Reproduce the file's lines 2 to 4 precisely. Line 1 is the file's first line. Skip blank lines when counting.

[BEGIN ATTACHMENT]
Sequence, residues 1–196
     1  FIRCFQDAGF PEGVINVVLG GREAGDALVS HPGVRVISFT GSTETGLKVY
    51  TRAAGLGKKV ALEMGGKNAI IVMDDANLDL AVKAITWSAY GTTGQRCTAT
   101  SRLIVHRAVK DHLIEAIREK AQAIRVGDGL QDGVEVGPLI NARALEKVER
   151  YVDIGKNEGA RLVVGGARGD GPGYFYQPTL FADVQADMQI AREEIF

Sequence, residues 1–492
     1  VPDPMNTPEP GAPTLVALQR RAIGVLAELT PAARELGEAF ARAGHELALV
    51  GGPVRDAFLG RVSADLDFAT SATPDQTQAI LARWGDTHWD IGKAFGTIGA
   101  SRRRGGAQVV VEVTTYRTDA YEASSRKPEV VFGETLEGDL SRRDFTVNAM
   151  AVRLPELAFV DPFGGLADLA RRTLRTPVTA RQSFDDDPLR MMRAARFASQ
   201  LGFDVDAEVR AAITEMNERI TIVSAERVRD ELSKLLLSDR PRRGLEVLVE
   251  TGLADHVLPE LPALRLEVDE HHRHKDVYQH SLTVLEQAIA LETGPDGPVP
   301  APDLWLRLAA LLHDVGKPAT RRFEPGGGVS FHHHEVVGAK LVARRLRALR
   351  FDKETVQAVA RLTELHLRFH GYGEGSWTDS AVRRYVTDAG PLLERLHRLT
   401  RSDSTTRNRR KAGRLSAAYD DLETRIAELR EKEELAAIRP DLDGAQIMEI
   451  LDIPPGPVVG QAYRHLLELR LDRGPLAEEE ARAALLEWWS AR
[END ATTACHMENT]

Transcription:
     1  FIRCFQDAGF PEGVINVVLG GREAGDALVS HPGVRVISFT GSTETGLKVY
    51  TRAAGLGKKV ALEMGGKNAI IVMDDANLDL AVKAITWSAY GTTGQRCTAT
   101  SRLIVHRAVK DHLIEAIREK AQAIRVGDGL QDGVEVGPLI NARALEKVER